Fruit tree care, and management, does not simply stop when the leaves fall off the tree late in the year. Fruit tree care is a year-round job and in order to get the best performance out of your fruit trees, it’s important that certain tasks are done at the right times.
With tree dormancy not too far away, it is a good time to look at some management considerations. When we talk about dormancy, we are looking at the time frame between when the tree drops the leaves in the fall and when buds begin to swell in the spring.
Pruning is one of those important aspects of management. As you prune, remember to burn, or dispose of the pruned branches, to limit the amount of disease inoculum present (as mentioned in last week’s article). During dormant pruning you can target diseased branches and help reduce the impact of diseases, such as fire blight or black knot, in your trees.
Pruning may seem like a daunting task, but there are some basic standards and practices to follow that can help you be successful at pruning and help increase your trees vigor and productivity. First, waiting until dormancy to start making pruning cuts will allow better visibility of the branches, and reduces that chances of the pruning cuts being an open wound when diseases are active. Make easy cuts first. Find diseased, broken, or damaged branches that are of no benefit to the tree. Water sprouts, suckers, crossed, rubbing, or downward growing branches are also ideal targets for pruning. As you stand in front of the tree that you will be pruning, think about what you want to prune out. Excluding the dead wood and suckers, find about 1/3 of the more significant cuts you want to make and mark those for this year. Plan to take an additional 1/3 next year and the remaining 1/3 the following year. Only pruning 1/3 of the healthy but prune worthy branches in a single year will prevent the tree from being stunted and will provide the opportunity for gradual, but healthy change in the tree’s shape/growth habit. A severe prune can stunt the tree and cause a significant reduction in the amount of fruit produced and reduce overall vigor of the tree for several years.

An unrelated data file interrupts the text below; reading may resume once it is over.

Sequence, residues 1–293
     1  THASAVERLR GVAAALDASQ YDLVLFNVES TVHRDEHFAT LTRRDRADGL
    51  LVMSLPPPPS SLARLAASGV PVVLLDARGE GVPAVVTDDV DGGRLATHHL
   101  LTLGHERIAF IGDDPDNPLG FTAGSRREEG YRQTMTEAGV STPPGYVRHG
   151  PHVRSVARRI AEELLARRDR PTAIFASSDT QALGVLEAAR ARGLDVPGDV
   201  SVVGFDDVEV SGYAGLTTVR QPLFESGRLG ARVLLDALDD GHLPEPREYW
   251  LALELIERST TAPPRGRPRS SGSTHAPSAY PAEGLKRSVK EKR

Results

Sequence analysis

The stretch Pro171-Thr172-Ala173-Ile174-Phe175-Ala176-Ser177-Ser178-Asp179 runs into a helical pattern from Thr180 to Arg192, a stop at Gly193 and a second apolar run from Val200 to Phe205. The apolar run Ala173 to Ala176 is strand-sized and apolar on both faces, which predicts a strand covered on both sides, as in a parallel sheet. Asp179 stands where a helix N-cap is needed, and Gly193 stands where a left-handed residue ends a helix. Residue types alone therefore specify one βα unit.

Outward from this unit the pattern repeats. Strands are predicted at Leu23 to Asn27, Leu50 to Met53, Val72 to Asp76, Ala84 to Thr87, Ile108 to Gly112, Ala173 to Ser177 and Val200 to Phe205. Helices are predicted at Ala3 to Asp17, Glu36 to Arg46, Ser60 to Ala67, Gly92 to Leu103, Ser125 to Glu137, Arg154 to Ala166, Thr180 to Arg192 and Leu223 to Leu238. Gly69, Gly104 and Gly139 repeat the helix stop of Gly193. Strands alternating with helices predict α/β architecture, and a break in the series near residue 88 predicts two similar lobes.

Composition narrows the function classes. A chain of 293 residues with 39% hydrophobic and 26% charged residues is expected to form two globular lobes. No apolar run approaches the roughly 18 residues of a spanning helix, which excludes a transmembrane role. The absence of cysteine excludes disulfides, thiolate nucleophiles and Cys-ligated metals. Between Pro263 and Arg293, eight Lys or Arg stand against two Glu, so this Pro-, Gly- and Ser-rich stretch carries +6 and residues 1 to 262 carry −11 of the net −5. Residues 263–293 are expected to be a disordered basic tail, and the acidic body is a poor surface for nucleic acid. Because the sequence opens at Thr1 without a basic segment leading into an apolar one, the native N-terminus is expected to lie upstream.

Fruit trees may need to be fertilized once a year in early spring before growth starts. It is very important to do a soil test to determine accurate fertilizer recommendations. Generally speaking, a common fertilizer recommended for fruit trees is one with an analysis of 12‑12‑12 or 10‑10‑10. However, fertilizers of other analyses can also be used. The rate of application needs to be adjusted based on soil test analysis and recommendations. More information on specific requirements, recommendations and guidelines can be found in the “Midwest home Fruit Production Guide” publication by The Ohio State University.
Branching off of fertilizing, competition of nutrients and moisture is one of the main reasons to control and limit the amount of vegetation under fruit trees. Reducing this vegetation also limits the favorable conditions and habitat available for diseases, insects, and rodents. Weeding is not a fun job, but nonetheless, a year-round one. More information on weed management in orchards can be found in the Midwest Fruit Pest Management Guide.
Hopefully, this is enough to keep you busy through late fall and winter. If you are interested in purchasing any of the publications mentioned in this article, give your county OSU Extension Office a call, or visit extensionpubs.osu.edu to find a full listing of all of the OSU Extension publications.
Frank Becker is the Agriculture and Natural Resources Extension Educator with Ohio State University Extension – Wayne County, and a Certified Crop Adviser, and may be reached at 330-264-8722 or becker.5872osu.edu
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